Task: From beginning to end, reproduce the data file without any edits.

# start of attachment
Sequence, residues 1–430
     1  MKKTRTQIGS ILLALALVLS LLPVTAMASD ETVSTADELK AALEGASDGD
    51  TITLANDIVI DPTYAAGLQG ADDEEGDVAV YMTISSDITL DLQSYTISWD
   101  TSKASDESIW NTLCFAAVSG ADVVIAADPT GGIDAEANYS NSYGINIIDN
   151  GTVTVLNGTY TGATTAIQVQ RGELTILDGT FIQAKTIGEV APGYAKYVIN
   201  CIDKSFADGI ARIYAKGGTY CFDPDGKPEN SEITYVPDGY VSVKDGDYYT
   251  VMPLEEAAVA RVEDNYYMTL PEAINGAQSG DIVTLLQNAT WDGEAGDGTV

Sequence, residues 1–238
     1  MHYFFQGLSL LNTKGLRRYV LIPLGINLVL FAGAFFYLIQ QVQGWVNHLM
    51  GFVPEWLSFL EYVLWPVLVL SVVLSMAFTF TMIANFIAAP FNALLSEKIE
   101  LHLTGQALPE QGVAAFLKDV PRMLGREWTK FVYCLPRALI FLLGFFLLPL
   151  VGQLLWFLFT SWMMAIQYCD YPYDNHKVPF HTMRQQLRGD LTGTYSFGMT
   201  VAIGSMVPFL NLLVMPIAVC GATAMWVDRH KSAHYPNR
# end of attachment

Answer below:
Sequence, residues 1–430
     1  MKKTRTQIGS ILLALALVLS LLPVTAMASD ETVSTADELK AALEGASDGD
    51  TITLANDIVI DPTYAAGLQG ADDEEGDVAV YMTISSDITL DLQSYTISWD
   101  TSKASDESIW NTLCFAAVSG ADVVIAADPT GGIDAEANYS NSYGINIIDN
   151  GTVTVLNGTY TGATTAIQVQ RGELTILDGT FIQAKTIGEV APGYAKYVIN
   201  CIDKSFADGI ARIYAKGGTY CFDPDGKPEN SEITYVPDGY VSVKDGDYYT
   251  VMPLEEAAVA RVEDNYYMTL PEAINGAQSG DIVTLLQNAT WDGEAGDGTV

Sequence, residues 1–238
     1  MHYFFQGLSL LNTKGLRRYV LIPLGINLVL FAGAFFYLIQ QVQGWVNHLM
    51  GFVPEWLSFL EYVLWPVLVL SVVLSMAFTF TMIANFIAAP FNALLSEKIE
   101  LHLTGQALPE QGVAAFLKDV PRMLGREWTK FVYCLPRALI FLLGFFLLPL
   151  VGQLLWFLFT SWMMAIQYCD YPYDNHKVPF HTMRQQLRGD LTGTYSFGMT
   201  VAIGSMVPFL NLLVMPIAVC GATAMWVDRH KSAHYPNR